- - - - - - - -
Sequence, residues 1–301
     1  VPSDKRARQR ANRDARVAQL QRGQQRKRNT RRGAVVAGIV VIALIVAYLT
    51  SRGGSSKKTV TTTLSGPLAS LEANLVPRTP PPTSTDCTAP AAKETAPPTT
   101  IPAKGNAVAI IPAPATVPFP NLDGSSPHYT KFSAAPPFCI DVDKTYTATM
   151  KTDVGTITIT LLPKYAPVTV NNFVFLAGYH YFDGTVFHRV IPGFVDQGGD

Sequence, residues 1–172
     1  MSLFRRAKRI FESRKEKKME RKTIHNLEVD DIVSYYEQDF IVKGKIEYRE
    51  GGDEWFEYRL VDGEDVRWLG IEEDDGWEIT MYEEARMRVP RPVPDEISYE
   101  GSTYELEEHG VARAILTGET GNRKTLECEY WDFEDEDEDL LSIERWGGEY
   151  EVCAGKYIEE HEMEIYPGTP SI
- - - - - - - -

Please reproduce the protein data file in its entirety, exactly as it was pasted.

Sequence, residues 1–301
     1  VPSDKRARQR ANRDARVAQL QRGQQRKRNT RRGAVVAGIV VIALIVAYLT
    51  SRGGSSKKTV TTTLSGPLAS LEANLVPRTP PPTSTDCTAP AAKETAPPTT
   101  IPAKGNAVAI IPAPATVPFP NLDGSSPHYT KFSAAPPFCI DVDKTYTATM
   151  KTDVGTITIT LLPKYAPVTV NNFVFLAGYH YFDGTVFHRV IPGFVDQGGD

Sequence, residues 1–172
     1  MSLFRRAKRI FESRKEKKME RKTIHNLEVD DIVSYYEQDF IVKGKIEYRE
    51  GGDEWFEYRL VDGEDVRWLG IEEDDGWEIT MYEEARMRVP RPVPDEISYE
   101  GSTYELEEHG VARAILTGET GNRKTLECEY WDFEDEDEDL LSIERWGGEY
   151  EVCAGKYIEE HEMEIYPGTP SI